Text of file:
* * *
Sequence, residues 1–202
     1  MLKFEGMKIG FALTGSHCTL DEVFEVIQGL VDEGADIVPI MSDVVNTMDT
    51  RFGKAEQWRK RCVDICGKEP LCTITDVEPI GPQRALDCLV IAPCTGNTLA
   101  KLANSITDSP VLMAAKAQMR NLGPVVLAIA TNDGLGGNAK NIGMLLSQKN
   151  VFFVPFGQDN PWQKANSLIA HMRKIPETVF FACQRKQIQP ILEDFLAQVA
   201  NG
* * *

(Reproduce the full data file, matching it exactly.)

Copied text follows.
Sequence, residues 1–202
     1  MLKFEGMKIG FALTGSHCTL DEVFEVIQGL VDEGADIVPI MSDVVNTMDT
    51  RFGKAEQWRK RCVDICGKEP LCTITDVEPI GPQRALDCLV IAPCTGNTLA
   101  KLANSITDSP VLMAAKAQMR NLGPVVLAIA TNDGLGGNAK NIGMLLSQKN
   151  VFFVPFGQDN PWQKANSLIA HMRKIPETVF FACQRKQIQP ILEDFLAQVA
   201  NG